Note: This press release is over six months old and the details may have been superseded. Please contact the Press Office for the latest information.
BRE launches book to help children better understand how adaptations in the home can help elderly relatives with dementia
World leading building science centre BRE is publishing a children’s book to explain the effects of dementia to young relatives of those with the condition. Coinciding with Dementia Action Week (20 – 26th May), “A Home to Remember” follows the story of a young boy and his grandmother, and the adaptations the family is making to her property to make her feel more comfortable. The book is based on a dementia-friendly home called ‘Chris and Sally’s House’, which was converted and opened last year by BRE at its Innovation Park in Watford. The book will be sent to schools local to BRE and is also available to read online.
The book, which has been illustrated by Sarah McMenemy, explores how dementia can impact elderly relatives from the perspective of a young child. Serving an educational purpose, the book explains the changes being made to the grandmother’s property, all of which are implemented in ‘Chris and Sally’s House’. The adaptations have been shown to support the wellbeing of people with dementia. Primarily, the book highlights the importance of increased natural lighting, walking support to encourage activity and creating good lines of sight around the property to assist in navigation.
‘Chris and Sally’s House’ was opened in 2018 and is aimed at helping educate housebuilders, carers, healthcare professionals and relatives on how to better support those living with dementia. The design is geared to help people with dementia remain at home for longer than in a normal home, thus dramatically improving quality of life and reducing the cost of care to the state and relatives.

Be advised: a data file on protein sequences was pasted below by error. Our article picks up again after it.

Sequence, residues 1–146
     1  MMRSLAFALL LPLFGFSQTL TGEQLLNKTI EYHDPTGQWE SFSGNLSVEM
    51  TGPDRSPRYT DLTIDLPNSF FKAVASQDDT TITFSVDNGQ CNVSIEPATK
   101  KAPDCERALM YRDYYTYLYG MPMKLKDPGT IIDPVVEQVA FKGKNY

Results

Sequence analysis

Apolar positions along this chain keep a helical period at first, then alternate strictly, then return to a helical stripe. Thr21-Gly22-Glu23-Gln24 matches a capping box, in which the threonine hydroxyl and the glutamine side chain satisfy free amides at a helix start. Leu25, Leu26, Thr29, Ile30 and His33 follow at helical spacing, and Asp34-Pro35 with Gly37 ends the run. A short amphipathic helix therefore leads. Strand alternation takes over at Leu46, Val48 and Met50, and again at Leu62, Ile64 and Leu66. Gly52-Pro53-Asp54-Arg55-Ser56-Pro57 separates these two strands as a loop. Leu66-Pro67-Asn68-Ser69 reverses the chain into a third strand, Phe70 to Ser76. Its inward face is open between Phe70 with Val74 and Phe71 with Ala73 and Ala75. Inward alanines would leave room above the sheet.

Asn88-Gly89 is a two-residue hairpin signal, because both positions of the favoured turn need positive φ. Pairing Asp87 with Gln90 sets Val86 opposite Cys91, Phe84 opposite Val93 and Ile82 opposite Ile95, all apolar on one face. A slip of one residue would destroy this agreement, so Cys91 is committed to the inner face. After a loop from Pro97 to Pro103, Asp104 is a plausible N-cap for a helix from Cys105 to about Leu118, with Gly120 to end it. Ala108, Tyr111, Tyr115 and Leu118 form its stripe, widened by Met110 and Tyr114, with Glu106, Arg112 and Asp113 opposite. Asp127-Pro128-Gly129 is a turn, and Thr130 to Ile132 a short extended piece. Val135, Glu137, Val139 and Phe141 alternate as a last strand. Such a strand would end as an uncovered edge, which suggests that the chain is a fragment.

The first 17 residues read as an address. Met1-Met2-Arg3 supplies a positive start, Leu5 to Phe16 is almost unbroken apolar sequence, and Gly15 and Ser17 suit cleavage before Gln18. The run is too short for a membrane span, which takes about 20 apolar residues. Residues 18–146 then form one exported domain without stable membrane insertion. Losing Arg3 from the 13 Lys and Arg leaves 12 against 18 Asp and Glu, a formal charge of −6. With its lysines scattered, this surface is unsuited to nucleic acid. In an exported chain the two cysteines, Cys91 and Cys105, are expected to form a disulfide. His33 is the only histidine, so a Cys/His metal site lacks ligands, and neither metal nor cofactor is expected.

Dementia care costs families around £18 billion a year and affects about 850,000 people in the UK. The figure is expected to rise to more than one million in the UK by 2025, and two million by 2051. Two-thirds of the cost of dementia is paid by those who suffer from the condition and their families. This is in contrast to other conditions, such as heart disease and cancer, where the NHS provides care that is free at the point of use.
The two storey, 100sqm Victorian house caters for different types and stages of dementia, and is aimed at allowing those affected by dementia to live independently by addressing their day-to-day needs. The upper floor of the home has been adapted for the more advanced stages of dementia. The building design has been developed around the needs of two specific personas (or avatars), Chris and Sally. The design narrative describes how the features of the building have been adapted to support Chris and Sally as they remain in their home. The prototype is supported by short films, created by Loughborough University, detailing how dementia affects Chris and Sally on a good, average and bad day, with different actors re-creating the different stages of dementia.